Take a look in your wallet. How much cash do you have? If you don’t have any cash in your wallet at all, you aren’t alone.
Many people are making the transition from spending with cash to mainly spending with cashless alternatives. These alternatives can include debit cards, credit cards, mobile payment apps, tap to pay solutions, and more.
People in some countries are making the shift to a cashless life faster than others. But have any countries made the shift to living in a completely cashless society?
There are no cashless countries… yet
Despite the allure of a cashless society, no countries have fully made the switch to having no cash at all.
There is one country that has a timetable to go cashless and many other countries that have their populations rapidly adopting cashless payment options. However, only time will tell if a country ever makes the move to go fully cashless.
Countries making moves toward going cashless
Some countries are moving toward a cashless society faster than others. If you want to live a completely cashless life, you may be able to do so without moving to one of these countries.
That said, living in these countries could reduce certain hassles like running into vendors that only accept cash.
Currently, Sweden is expected to be the world’s first cashless society in March 2023 according to [email protected]. However, their definition of a cashless society is one in which cash is not a generally accepted means of payments rather than not having cash and coins.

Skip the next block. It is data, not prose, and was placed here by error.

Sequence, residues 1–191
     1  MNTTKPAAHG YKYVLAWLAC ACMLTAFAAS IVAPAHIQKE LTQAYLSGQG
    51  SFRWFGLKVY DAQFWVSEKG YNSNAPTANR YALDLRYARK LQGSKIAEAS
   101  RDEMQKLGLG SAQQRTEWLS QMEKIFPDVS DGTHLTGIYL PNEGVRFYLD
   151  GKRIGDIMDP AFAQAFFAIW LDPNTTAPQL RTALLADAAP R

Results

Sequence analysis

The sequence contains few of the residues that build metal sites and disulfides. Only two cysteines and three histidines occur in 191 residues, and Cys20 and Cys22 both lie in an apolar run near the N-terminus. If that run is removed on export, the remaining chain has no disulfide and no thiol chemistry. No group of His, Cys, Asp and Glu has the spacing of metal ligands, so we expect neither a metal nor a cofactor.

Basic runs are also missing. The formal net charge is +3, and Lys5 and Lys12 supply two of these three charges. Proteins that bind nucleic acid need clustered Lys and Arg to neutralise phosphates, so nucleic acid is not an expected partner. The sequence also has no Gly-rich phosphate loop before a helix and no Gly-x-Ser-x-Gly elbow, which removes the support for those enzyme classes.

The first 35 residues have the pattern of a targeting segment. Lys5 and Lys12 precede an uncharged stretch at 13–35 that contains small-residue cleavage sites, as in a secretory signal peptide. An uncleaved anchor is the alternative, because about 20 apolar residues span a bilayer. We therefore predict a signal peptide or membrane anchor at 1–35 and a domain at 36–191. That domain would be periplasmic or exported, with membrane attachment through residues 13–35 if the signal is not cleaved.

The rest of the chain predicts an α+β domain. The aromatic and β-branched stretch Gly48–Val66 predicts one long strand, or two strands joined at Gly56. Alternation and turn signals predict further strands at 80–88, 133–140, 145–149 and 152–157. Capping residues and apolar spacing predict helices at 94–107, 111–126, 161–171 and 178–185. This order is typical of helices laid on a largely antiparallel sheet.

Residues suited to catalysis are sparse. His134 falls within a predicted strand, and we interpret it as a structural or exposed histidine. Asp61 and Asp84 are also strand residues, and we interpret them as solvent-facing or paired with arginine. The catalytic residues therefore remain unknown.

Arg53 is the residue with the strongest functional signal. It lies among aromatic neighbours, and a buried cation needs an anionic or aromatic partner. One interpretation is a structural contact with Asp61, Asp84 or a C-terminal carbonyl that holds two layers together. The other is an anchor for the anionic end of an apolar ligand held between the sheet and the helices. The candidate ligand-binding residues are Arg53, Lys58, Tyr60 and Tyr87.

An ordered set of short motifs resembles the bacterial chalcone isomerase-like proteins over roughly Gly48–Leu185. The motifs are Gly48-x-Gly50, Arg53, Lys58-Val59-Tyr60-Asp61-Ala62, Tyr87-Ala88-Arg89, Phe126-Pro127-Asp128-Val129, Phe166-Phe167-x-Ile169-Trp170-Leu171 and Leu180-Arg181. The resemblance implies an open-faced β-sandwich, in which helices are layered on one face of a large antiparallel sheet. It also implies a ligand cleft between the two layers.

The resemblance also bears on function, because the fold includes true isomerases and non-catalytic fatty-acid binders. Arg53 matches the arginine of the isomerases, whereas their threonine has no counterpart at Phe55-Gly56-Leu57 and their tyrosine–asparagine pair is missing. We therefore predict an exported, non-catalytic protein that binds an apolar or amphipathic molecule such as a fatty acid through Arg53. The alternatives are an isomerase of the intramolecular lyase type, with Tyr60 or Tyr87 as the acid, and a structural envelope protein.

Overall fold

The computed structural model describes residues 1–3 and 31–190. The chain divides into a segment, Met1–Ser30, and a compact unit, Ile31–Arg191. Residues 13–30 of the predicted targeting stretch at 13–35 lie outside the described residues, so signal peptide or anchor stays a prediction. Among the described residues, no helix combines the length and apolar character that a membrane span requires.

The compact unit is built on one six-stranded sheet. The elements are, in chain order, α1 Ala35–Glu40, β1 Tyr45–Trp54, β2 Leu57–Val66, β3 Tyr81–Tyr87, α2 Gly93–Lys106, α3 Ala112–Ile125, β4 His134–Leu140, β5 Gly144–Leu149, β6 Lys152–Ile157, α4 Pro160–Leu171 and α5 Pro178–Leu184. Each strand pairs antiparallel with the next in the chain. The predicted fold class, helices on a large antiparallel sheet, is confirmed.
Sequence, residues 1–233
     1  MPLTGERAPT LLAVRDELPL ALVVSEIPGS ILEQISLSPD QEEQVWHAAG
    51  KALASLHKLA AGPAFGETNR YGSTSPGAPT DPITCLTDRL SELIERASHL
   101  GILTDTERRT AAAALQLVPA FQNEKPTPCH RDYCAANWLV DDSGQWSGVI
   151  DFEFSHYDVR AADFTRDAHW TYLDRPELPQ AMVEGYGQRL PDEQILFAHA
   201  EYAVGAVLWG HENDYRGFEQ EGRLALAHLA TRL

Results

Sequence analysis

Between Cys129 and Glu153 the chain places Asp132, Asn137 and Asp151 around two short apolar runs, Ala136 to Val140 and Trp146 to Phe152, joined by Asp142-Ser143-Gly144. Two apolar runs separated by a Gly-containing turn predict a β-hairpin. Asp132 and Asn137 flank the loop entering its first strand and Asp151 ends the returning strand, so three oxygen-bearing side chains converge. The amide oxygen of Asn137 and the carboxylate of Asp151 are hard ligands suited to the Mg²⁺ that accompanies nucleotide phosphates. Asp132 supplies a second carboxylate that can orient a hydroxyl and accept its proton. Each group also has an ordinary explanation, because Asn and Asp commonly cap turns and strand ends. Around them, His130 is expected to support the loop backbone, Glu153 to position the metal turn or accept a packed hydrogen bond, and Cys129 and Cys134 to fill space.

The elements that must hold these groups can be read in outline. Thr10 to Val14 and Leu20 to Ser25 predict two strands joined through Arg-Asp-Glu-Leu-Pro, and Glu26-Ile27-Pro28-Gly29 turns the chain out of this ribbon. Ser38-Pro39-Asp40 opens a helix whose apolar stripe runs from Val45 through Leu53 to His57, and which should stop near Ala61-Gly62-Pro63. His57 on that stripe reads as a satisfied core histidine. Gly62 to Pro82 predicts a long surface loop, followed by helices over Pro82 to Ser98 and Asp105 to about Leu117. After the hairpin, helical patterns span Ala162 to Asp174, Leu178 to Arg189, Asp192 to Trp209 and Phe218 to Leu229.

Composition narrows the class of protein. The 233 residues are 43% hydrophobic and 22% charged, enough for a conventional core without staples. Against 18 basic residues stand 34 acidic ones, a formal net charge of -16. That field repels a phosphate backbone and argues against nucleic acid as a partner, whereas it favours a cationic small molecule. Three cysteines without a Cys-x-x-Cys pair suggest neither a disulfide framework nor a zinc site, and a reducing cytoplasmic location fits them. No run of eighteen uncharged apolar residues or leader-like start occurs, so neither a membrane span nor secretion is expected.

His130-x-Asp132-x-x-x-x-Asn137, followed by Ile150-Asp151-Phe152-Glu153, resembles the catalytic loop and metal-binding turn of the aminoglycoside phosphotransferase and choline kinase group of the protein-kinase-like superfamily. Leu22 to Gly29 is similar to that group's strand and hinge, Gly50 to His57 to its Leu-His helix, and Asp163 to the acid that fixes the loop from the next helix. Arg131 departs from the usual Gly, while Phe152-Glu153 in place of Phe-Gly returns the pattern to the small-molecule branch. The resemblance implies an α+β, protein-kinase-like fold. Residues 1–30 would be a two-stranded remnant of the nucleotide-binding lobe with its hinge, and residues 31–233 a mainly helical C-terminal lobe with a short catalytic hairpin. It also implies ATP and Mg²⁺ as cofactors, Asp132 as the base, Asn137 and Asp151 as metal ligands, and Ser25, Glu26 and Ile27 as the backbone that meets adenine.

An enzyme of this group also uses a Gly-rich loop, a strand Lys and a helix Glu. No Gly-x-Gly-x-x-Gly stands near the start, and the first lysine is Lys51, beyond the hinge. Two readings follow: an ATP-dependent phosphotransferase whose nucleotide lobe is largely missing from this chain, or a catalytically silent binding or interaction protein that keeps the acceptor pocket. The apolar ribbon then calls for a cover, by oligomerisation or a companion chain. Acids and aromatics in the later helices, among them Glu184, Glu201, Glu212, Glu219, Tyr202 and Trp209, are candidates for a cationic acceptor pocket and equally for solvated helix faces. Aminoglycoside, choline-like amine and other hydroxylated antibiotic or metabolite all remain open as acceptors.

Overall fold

One reason why Sweden may be one of the first countries to be cashless is due to their laws. Stores don’t have to accept cash as a payment method even though it is legal tender. In other countries, stores may be forced to take cash because it is a legal tender, even if they don’t want to.
According to ForexBonuses.org, China has experienced the highest growth in cashless payments over the last five years. People in China often use phone apps and QR codes (those little squares of black and white pixels) to pay for purchases rather than credit cards.
Certain banking apps in the United States also allow you to make purchases by showing a cashier a QR code, but it isn’t nearly as popular here. To make things even more complicated only certain stores accept these payments in the United States.
The United Kingdom has been moving away from cash and toward credit cards, debit cards, and contactless payments.
In 2016, card payments overtook cash payments for the first time. What’s even more interesting is 41 percent of cards in the UK have a contactless payment option, which isn’t very popular in the United States yet.
In some instances, you may not be able to use cash for certain transactions within the UK. This can often be the case for public transportation such as London’s bus system where card payments are the only option.
In South Korea, cash is decreasing in popularity. Cash only accounted for 20 percent of payments in 2018 according to a Bank of Korea survey. Technology, including money transfer apps, has helped accelerate this process.
On top of the rise of technology-based payments and the decrease of cash, South Korea is considering eliminating coins completely. This will help them save the money it takes to produce the coins.
In 2017, South Korea ran a trial to see how eliminating coins would work. Instead of having customers receive their change in cash and coins, people could receive the coin amount of their change on a popular prepaid card. Bank officials hope that, if the trial is successful, change amounts can be transferred directly to a person’s bank account rather than a prepaid card.